Sgt. Edward Nichols Burton is commemorated on the Scottish National War Memorial at Edinburgh Castle.
(4) Sgt. Thomas Trevor Powell was born 23 January 1922 at Wandsworth, Surrey, the only child of Thomas Powell and Marjorie E.A. Powell nee Horrell later of Grange House, Woodside Green, Croydon, Surrey. He was educated at Whitgift Middle School and afterwards was a Junior Clerk at Lloyds Register of Shipping. After joining the RAFVR he trained in Canada.
(5) Sgt. John Harold Dyer was born on 23 September 1922 at Stathern, Leicestershire the son of Harold Dyer and Nellie Dyer nee West. His younger brother Maurice was born in 1930.
A pupil of Melton Mowbray Grammar School John Dyer later worked as an Ironstone Driller with his father at the local ironstone quarry
When he enlisted in the RAFVR he was 5' 8" tall with a 30" chest.
A modest man, John was once home on leave and out in civvies shooting rabbits. The local landowner saw him and apparently became quite irate with him saying "you should be off shooting Germans not my bloody rabbits". Rather than tell him what he did John just smiled, apologised and added, "you are probably right" - within a few weeks he was dead.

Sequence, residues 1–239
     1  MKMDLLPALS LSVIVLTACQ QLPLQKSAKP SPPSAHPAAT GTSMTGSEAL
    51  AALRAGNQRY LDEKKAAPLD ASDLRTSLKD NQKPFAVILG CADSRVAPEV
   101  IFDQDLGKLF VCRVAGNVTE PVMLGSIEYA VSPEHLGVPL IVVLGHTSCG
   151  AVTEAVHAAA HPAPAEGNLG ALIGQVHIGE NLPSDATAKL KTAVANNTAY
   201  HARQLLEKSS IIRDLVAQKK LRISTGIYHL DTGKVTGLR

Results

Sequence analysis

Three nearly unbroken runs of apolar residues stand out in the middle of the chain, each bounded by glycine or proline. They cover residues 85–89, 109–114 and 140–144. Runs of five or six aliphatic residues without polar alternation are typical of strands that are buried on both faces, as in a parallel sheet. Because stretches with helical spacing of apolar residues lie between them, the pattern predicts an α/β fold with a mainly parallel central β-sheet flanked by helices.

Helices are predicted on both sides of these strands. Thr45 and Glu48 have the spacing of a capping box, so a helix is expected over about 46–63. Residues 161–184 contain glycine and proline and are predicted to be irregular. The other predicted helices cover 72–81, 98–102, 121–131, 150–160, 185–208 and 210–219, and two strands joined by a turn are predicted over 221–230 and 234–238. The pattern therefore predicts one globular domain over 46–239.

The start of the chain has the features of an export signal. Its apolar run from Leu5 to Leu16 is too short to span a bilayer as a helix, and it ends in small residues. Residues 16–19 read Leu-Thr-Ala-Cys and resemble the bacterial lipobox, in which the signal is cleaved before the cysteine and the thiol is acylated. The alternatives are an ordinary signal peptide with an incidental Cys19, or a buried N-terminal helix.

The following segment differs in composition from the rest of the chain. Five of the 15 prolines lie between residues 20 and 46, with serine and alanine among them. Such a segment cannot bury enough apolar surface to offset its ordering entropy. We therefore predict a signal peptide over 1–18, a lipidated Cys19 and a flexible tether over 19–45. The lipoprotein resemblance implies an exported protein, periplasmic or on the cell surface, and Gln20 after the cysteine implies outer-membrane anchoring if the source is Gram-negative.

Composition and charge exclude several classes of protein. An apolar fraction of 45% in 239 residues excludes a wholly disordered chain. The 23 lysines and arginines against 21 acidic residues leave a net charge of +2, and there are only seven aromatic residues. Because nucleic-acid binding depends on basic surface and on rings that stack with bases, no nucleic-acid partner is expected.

John Harold Dyer is commemorated on the Roll of Honour of the County Grammar School of King Edward VII Melton Mowbray. He is also commemorated on the Stathern War Memorial and Roll of Honour at the Stathern War Memorial Institute 19, Main Street, Stathern.
(6) Sgt. Thomas Henry Mallett was born in 1923 at Sunderland, Co. Durham the son of George W. Mallett and Elizabeth S. Mallett (nee Clear later Clark) and stepson of Alexander Clark, of Sunderland, Co. Durham. He had a brother George W. Mallett born 1920.
He is commemorated in the Book of Remembrance RAF 1939-1945 at the Church of St. Peter, Monkwearmouth, Sunderland.
(7) F/Sgt. Stanley Richard Mattick DFM was born 1921 at Axbridge, Somerset the son of Lansdown Mattick (a Tailor) and Daisy Mattick nee Fear. His only sibling, Wilfred H. Mattick was born in 1915 at Axbridge. Wilfred had his own Motor Mechanic's business and during the war was a member of the Auxiliary Fire Service.